MidAmerican Energy Holdings Company, the energy giant owned by Warren Buffett-controlled Berkshire Hathaway, is leaping into solar power in a big way.
The company has announced a deal to purchase First Solar’s 550-megawatt (MW) Topaz Solar Farm under development in California.
Topaz is the giant solar plant that First Solar was all set to build in San Luis Obispo County with help from a $1.93 billion federal loan guarantee. But late this summer, in the waning days of the U.S. Department of Energy’s Section 1705 program – and with the Solyndra bankruptcy heightening scrutiny – that conditionally approved loan fell through.
MidAmerican didn’t say how much it was paying for the plant, but it called Topaz a "more than $2 billion" project.
Under the deal, First Solar will build, operate and maintain the Topaz plant for MidAmerican, the companies said. Construction began last month on the project, which will use post-mounted 5.5-foot-high thin-film photovoltaic (PV) panels from First Solar, and the plant isn’t expected to be operating until 2015. Pacific Gas & Electric will take the electricty from Topaz under a 25-year power purchase agreement.
MidAmerican Energy says it is "No. 1 in the nation in ownership of wind-powered electric generation among rate-regulated utilities," with “more than 1,393 megawatts of wind generating facilities in operation and under contract in Iowa." (The company has also been criticized in some quarters for allegedly dirty ways.)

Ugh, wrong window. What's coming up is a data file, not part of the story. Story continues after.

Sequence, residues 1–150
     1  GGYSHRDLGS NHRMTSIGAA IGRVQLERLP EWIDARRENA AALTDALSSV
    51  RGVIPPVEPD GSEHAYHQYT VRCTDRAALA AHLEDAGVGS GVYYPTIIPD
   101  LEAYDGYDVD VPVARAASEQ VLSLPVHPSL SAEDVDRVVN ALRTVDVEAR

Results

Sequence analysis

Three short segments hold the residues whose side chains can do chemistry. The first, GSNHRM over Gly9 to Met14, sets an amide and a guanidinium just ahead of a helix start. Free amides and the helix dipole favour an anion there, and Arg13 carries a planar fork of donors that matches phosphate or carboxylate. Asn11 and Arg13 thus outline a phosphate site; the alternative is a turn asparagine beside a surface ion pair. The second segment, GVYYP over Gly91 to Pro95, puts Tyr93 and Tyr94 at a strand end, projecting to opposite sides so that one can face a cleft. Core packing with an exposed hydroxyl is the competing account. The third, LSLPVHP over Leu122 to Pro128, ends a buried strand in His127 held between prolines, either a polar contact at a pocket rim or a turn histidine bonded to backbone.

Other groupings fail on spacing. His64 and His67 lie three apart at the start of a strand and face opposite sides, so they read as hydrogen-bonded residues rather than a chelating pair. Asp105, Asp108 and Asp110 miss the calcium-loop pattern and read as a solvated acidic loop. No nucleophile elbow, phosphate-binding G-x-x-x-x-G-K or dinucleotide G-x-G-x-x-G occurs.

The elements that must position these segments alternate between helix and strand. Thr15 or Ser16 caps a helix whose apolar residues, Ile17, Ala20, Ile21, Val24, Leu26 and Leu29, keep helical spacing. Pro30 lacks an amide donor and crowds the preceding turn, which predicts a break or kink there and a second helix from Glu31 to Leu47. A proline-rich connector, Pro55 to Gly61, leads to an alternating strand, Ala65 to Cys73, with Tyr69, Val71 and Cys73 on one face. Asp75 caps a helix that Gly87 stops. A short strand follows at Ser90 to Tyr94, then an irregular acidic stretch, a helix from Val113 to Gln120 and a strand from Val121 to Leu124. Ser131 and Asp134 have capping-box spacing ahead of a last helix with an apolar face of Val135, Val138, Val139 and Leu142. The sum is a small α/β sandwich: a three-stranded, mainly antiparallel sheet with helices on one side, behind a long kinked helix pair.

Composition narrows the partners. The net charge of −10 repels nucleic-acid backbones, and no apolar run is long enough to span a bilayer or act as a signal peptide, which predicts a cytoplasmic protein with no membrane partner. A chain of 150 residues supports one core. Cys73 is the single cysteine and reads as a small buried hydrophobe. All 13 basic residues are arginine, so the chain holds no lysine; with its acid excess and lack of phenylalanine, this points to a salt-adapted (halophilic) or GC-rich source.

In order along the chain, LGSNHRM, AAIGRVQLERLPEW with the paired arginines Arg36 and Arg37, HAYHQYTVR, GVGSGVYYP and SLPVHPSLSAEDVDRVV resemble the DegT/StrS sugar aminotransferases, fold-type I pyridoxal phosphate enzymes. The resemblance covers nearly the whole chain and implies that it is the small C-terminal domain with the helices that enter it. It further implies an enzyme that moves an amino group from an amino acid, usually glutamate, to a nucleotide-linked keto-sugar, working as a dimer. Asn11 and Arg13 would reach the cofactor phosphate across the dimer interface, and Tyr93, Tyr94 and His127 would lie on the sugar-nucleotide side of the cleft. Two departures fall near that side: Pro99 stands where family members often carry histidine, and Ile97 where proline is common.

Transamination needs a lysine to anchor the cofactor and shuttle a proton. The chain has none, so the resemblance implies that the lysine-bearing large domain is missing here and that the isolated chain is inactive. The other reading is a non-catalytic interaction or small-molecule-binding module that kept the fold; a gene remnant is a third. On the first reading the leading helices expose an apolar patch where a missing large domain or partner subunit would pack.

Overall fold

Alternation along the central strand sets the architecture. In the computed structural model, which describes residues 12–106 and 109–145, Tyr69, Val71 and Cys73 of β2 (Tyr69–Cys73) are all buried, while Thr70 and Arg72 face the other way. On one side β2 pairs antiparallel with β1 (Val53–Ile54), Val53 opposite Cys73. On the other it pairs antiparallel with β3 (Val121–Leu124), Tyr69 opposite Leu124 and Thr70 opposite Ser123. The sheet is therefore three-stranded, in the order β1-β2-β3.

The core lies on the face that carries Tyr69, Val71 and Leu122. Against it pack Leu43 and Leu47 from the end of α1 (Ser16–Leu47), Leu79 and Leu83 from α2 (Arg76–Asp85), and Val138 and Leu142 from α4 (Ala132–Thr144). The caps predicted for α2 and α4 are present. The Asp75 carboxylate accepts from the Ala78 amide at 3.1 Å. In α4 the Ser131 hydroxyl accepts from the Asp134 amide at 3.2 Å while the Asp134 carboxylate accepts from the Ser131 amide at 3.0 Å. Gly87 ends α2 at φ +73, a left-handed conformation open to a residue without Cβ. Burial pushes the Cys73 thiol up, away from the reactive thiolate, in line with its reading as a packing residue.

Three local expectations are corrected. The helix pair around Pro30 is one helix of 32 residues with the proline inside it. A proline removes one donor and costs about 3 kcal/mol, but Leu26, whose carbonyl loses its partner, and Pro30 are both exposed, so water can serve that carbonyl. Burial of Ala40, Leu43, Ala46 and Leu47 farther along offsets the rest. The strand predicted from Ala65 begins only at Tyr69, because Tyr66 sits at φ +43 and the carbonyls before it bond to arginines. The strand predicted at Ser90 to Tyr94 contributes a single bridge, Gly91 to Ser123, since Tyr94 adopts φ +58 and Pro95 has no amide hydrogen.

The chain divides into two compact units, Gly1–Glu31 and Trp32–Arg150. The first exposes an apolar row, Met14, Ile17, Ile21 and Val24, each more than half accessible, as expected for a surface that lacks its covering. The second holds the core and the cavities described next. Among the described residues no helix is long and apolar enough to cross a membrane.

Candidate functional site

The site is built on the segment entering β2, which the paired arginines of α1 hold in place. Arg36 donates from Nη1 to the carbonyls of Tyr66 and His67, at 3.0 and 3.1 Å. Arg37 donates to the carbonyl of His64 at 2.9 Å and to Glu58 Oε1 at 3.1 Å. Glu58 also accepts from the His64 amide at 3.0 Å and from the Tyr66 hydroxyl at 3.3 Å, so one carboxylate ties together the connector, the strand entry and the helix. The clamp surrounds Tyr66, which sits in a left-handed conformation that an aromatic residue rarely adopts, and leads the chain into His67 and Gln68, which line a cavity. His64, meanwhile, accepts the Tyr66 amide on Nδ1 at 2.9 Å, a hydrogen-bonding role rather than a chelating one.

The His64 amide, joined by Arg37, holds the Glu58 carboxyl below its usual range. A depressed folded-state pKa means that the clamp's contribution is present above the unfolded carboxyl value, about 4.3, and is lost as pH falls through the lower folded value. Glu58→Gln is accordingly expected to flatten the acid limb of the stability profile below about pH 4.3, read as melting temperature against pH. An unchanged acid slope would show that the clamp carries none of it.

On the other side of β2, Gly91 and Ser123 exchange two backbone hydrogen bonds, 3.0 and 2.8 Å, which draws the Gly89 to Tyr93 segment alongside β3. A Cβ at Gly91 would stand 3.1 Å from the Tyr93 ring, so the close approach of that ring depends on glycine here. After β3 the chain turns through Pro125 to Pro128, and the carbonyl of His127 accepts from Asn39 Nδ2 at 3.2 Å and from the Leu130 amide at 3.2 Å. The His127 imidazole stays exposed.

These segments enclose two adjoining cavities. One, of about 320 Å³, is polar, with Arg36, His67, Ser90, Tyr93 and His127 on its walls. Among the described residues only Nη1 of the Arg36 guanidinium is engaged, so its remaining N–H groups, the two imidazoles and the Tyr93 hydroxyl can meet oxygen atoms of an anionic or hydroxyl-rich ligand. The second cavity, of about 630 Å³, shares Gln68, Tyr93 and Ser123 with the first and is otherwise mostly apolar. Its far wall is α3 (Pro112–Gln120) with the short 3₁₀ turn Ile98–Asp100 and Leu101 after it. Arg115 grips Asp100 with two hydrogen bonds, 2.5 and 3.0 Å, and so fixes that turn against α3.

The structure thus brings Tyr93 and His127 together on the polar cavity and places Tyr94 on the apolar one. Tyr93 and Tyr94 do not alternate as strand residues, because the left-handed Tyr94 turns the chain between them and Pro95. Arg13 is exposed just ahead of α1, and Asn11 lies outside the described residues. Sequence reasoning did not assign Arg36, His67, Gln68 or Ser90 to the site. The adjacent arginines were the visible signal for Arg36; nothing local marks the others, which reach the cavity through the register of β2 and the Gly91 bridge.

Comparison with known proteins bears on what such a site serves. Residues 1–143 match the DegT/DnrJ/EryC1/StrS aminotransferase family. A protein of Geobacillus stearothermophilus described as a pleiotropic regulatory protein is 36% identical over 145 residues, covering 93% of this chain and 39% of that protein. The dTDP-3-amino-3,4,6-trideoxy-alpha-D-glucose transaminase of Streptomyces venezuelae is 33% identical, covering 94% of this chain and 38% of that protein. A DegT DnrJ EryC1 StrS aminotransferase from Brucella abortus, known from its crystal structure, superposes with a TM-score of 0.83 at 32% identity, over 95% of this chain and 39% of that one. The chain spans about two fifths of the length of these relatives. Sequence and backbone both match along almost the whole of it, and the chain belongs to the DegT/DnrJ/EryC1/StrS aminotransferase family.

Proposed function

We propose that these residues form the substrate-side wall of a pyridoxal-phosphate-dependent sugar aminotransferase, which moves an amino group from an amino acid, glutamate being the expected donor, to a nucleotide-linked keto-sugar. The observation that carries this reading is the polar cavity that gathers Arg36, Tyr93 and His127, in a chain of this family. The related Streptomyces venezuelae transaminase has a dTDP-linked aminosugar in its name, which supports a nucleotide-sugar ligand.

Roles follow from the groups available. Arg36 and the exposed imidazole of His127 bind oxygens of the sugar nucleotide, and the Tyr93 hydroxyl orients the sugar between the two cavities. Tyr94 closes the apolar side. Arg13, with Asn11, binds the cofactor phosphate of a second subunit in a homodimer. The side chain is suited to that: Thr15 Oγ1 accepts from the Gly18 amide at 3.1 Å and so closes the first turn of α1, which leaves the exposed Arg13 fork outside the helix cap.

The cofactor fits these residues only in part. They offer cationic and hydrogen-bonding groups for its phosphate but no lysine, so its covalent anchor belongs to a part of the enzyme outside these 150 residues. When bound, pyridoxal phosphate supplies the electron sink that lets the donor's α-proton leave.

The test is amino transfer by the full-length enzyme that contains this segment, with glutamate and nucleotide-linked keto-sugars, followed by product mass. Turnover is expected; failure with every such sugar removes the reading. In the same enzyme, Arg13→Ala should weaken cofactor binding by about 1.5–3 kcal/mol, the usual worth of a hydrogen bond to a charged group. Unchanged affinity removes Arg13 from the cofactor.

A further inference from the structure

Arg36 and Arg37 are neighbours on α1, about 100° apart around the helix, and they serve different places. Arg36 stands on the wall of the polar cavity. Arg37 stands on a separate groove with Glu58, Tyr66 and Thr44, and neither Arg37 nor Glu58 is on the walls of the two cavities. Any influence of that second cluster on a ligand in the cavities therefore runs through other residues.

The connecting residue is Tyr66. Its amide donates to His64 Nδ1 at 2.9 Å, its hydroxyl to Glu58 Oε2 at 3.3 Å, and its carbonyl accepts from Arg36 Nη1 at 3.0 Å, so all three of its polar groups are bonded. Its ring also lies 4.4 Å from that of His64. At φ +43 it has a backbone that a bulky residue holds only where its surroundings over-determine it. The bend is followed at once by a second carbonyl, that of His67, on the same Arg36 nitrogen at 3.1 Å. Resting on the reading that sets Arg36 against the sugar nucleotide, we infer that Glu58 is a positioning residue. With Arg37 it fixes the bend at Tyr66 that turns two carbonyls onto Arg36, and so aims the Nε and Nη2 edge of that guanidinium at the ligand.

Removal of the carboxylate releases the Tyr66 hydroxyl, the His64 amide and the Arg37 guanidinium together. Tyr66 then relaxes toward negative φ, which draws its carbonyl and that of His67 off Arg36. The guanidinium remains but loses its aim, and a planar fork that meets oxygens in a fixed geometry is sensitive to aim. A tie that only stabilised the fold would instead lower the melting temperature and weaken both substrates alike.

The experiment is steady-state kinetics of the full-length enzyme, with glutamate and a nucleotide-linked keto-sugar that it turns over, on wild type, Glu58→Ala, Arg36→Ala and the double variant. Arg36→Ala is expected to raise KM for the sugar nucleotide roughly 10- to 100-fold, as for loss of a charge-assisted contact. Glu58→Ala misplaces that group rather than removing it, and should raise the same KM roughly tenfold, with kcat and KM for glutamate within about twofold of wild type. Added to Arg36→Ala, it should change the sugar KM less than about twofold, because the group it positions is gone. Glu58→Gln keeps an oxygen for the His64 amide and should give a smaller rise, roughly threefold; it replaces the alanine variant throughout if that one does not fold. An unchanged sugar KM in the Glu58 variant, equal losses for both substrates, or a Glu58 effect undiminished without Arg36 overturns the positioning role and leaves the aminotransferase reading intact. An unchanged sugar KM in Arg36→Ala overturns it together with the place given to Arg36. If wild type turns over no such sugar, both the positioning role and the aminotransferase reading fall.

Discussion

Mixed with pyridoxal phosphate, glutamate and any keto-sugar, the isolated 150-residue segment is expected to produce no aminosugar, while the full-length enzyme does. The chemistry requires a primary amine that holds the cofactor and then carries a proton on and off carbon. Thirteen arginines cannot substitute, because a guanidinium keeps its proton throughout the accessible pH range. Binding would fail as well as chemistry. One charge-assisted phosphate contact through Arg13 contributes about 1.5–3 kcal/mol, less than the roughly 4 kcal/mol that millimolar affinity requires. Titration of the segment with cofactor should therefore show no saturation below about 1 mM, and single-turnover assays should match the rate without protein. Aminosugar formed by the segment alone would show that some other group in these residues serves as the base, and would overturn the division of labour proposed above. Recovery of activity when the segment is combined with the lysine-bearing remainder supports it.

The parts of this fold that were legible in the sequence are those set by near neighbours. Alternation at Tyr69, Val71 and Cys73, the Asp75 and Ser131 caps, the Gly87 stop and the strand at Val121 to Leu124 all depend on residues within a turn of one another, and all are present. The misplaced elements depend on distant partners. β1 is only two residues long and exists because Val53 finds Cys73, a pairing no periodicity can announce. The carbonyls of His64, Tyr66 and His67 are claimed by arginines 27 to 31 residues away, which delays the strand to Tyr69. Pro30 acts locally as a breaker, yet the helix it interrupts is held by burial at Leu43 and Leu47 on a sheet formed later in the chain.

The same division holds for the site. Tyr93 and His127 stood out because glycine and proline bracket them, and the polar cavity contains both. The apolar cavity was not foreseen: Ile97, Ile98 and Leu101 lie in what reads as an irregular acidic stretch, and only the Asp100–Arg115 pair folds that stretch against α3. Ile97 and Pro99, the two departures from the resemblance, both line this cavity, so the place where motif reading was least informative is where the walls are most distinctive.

On its website, the company also lists geothermal, hydroelectric and biomass as sources of renewable power – but no solar. Until now.
"As energy needs continue to increase, the Topaz project will allow MidAmerican to produce renewable energy for thousands of Californians," Greg Abel, chairman, president and CEO of MidAmerican, said in a statement.
"This project also demonstrates that solar energy is a commercially viable technology without the support of governmental loan guarantees and reflects the type of solar and other renewable generation that MidAmerican will continue to seek to add to its unregulated portfolio."
Announcement provided an immediate boost to First Solar’s stock, as it soared from around $46 to nearly $52 before settling back a bit. In February this year First Solar was trading at as high as $170. The company’s struggles this year led in October to the sudden exit of Chief Executive Rob Gillette, with founder Michael Ahearn taking over as interim CEO.